Model features
Released on 30 November 2018  - Includes 2 models; 1x Halberstadt Cl.II Late (33cm x 22cm) & 1x RE.8 "Harry Tate" (40cm x 26cm) - 2 high quality Cartograf decal sheets with markings for Halberstadt Cl.II 15342/17 “III” from Royal Prussian Schlasta 13 and RE.8 “Harry Tate” D4689 “P” of 3 Squadron Australian Flying Corps including 5 colour lozenge camouflage - 496 high quality injection moulded plastic parts - Highly detailed 180hp Daimler-Mercedes D.IIIa & 150hp RAF 4a engines - 18 photo-etched metal detail parts - Fine in scale rib tape detail- Full rigging diagrams.

Halberstadt Cl.II - The Halberstadt Cl.II was a highly successful lightweight two-seat escort fighter and ground support aircraft. Incorporating many features learned from their single seat fighters, in November 1916 Halberstadt started work on 3 prototypes built to Idflieg’s new lightweight C class (C = armed two-seat) specifications. The result was the sleek 160hp Daimler-Mercedes D.III powered Halberstadt Cl.II (the lower case ‘l’ standing for leicht “lightweight”) and the first prototype 9902/17 was completed in April 1917. The Halberstadt Cl.II was initially used as an escort for heavier two-seat C type aircraft carrying out their reconnaissance and artillery spotting tasks and was very well regarded for it"s good visibility, climb rate, maneuverability and stability, although speed was initially considered to be lacking. The pilot and gunner were very closely positioned which aided communication. Late production Cl.II (as featured in this model) had an LMG 08/15 "Spandau" mounted high on the starboard side of the fuselage. Although superseded by the even lighter Halberstadt Cl.IV introduced in the middle of 1918, the Cl.II soldiered on to the Armistice and saw post war service in Poland.


The fuselage of Halberstadt Cl.II 15342/17 was finished in a multicolour patched camouflage speckled design described in capture reports as “...colours arranged in indefinite areas and shading into one another. The colours used are a cloudy yellow, dark and light green, brown, purple and a light blue”… “The tailplane and elevator are painted black and white in stripes; the fin and rudder are grey”. The bottom of the fuselage was described as “...coloured yellow throughout” and would appear to have been be finished this way at the unit for identification purposes. Five colour lozenge fabric was applied to the wings at a 45 degree angle while the tailplane was covered conventionally.

RE.8 “Harry Tate” – Design of the RAF RE.8 (Royal Aircraft Factory Reconnaissance Experimental 8) began in late 1915 as a replacement for the pre-war lineage BE series of two seaters. Utilizing many components from the BE.2e such as wings, undercarriage and tailplane, the main design difference of the RE.8 was the addition of a forward firing machine gun for the pilot and moving the passenger (observer-gunner) to the rear of the pilot.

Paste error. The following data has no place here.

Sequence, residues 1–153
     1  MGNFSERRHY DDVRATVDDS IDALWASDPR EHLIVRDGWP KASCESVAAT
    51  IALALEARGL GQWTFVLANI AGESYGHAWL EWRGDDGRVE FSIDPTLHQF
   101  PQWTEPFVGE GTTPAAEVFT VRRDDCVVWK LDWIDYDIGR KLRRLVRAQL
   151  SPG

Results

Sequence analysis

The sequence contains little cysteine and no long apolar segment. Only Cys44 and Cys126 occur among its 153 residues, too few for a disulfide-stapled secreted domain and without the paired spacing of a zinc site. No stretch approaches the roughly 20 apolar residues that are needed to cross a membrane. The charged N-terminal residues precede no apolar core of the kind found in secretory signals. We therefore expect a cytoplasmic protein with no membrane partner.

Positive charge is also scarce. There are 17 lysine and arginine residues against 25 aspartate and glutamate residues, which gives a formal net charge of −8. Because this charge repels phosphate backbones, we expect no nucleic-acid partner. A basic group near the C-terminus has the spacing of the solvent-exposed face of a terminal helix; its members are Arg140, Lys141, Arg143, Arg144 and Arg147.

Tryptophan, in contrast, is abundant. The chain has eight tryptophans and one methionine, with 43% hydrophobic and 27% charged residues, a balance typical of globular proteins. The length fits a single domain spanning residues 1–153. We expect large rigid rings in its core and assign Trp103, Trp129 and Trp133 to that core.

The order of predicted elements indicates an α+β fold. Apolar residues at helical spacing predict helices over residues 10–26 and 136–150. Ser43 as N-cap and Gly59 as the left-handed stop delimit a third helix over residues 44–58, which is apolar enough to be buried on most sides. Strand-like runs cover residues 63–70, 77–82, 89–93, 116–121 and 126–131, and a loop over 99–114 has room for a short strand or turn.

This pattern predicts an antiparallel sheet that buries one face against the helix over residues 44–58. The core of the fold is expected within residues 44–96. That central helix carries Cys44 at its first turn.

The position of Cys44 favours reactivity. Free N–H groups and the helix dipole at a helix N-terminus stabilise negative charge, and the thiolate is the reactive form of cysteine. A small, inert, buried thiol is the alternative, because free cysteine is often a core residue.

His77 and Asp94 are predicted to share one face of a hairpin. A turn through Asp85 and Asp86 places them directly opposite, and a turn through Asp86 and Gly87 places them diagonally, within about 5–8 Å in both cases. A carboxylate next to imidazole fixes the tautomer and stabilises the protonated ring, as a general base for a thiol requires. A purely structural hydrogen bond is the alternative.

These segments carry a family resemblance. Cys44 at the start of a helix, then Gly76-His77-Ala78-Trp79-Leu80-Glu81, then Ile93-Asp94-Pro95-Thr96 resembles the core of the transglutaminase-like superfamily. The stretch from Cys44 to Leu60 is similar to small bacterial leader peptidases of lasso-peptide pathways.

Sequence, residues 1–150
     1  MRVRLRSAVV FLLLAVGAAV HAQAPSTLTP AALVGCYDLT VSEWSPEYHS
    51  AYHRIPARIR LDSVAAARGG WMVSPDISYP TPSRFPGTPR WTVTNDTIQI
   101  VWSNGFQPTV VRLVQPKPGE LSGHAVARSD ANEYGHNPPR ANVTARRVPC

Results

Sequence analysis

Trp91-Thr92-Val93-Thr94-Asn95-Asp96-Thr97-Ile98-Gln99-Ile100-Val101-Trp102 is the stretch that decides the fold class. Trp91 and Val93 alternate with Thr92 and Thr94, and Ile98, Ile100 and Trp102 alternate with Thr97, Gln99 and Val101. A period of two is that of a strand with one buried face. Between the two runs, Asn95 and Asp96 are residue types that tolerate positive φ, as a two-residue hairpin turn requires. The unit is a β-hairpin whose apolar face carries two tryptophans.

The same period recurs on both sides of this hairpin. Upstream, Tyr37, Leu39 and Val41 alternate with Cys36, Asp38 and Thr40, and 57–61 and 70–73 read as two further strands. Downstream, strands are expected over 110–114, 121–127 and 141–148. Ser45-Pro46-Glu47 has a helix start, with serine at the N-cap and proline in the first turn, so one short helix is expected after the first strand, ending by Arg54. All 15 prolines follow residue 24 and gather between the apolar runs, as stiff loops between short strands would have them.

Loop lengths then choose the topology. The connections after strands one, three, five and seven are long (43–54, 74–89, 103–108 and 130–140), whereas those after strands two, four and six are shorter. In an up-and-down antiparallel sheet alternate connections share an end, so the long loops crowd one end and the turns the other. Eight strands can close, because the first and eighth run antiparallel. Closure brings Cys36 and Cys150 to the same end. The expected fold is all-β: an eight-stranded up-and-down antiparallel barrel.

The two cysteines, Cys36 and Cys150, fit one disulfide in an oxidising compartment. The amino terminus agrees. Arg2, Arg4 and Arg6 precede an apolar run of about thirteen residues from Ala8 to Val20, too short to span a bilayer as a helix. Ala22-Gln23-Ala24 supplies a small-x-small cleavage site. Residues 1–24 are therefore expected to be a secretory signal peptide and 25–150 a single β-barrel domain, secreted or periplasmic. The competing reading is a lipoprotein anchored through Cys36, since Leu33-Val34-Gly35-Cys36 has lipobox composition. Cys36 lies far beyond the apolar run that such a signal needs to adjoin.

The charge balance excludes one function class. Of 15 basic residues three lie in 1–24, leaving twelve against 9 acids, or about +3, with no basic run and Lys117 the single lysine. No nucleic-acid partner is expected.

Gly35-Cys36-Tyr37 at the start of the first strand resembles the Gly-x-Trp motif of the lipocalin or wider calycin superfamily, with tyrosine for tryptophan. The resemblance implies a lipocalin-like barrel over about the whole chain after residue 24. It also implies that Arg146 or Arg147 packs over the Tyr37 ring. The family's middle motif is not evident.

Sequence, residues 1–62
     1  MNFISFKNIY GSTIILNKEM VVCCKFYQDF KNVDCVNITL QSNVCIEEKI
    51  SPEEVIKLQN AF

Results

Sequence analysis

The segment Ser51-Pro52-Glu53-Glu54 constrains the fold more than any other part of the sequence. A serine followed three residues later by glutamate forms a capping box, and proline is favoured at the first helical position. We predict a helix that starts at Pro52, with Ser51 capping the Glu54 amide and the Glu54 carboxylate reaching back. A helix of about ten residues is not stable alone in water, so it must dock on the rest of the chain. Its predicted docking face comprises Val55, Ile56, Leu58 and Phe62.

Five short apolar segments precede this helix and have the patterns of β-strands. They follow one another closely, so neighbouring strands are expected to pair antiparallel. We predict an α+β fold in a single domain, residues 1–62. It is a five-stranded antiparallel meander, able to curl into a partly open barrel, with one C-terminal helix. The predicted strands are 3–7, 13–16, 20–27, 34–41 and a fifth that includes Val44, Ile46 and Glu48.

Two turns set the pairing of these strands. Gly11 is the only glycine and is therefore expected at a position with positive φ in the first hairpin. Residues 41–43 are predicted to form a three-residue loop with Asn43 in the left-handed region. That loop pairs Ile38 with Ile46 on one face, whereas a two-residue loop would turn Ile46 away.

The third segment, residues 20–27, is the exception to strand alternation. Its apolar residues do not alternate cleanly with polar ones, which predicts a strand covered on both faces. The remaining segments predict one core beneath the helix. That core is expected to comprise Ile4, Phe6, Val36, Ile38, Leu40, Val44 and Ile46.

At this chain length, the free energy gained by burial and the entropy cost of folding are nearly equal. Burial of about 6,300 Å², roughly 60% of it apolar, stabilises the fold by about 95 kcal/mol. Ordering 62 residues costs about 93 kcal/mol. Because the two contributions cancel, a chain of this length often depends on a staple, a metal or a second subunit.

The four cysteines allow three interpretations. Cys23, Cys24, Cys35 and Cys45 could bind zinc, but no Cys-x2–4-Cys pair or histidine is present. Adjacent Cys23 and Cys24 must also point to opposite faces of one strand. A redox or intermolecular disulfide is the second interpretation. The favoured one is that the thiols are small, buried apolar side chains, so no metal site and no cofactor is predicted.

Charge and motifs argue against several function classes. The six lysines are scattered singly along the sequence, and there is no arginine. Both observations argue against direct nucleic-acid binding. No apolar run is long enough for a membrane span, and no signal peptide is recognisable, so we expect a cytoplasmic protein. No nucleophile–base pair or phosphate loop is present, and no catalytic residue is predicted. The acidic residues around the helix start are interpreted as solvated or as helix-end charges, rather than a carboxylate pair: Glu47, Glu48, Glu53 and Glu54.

Much maligned because of its quirky looks (not one bit of the RE.8 appears to point in the direction of flight), apparent lack of performance and, according to various reports, because it was too stable or too unstable (too stable to adequately defend itself or too unstable to perform low level turns), the RE.8 nevertheless performed its intended tasks of bomber, reconnaissance and artillery spotting with rugged dependability through to the end of the Great War. Aircrew quickly gave it the nickname “Harry Tate”, RE.8 rhyming well with the popular Scottish music hall comedian’s name and, possibly, because of its similarly comic appearance. Built in large numbers by various contractors the RE.8 entered front line service late 1916 and, despite a career not entirely free of controversy, it remained in production and frontline service until the armistice. In the hands of a confident and aggressive aircrew the RE.8 was capable of putting up a fight almost as well as the great Bristol Fighter.


The upper surfaces of RE.8 D4689 were finished with PC10 (Protective Covering number 10) with clear doped and varnished Irish Linen lower surfaces. Metal cowling panels appear to have been painted a dark grey. Metal brackets and fittings were usually black. All surfaces exhibited a gloss appearance when new which would weather to a semi-gloss or matt finish in service.
Wingspan:Length:Max Weight:Max Speed:
10.77m (Cl.II). 13m (RE.8)7.3m (Cl.II). 8.5m (RE.8)1133kg (Cl.II). 1301kg (RE.8)165kph (Cl.II). 158kph (RE.8)
No Manufactured:Production:Engine:Ceiling:
903 (Cl.II). 4077 (RE.8)1917-18 (Cl.II). 1916-18 (RE.8)180hp D.IIIa (Cl.II). 150hp RAF 4a (RE.8)5000m (Cl.II). 3353m (RE.8)
1x 7.92mm LMG 08/15 ‘Spandau’, 1x 7.92mm LMG 14 or LMG 14/17 Parabellum & 50kg of bombs (Cl.II). 1x .303 (7.7mm) Vickers gun and 1x or 2x .303 (7.7mm) Lewis on Scarff ring. Up to 260lb (118kg) of bombs (RE.8)
Halberstadt Cl.II Windsock Datafile 27, PM Grosz 1991 – Flight, 10 October 1918 - L'Aerophile, 24 December 1918 – Halberstadt Cl.II At War Windsock Datafile 157, JS Alcorn 2013 - RAF RE.8 Windsock Datafile, JM Bruce, 1990 - The RE.8, Profile Publications, JM Bruce 1966 – Schedule for RAF Aeroplanes Type RE.8, D.385/1772 3/4/18 – The Royal Aircraft Factory, Paul R Hare, Putnam 1990 - 1914-18 Aviation Heritage Trust – The Vintage Aviator LTD – Colin Owers - Krakow Museum, Poland – Private Collections.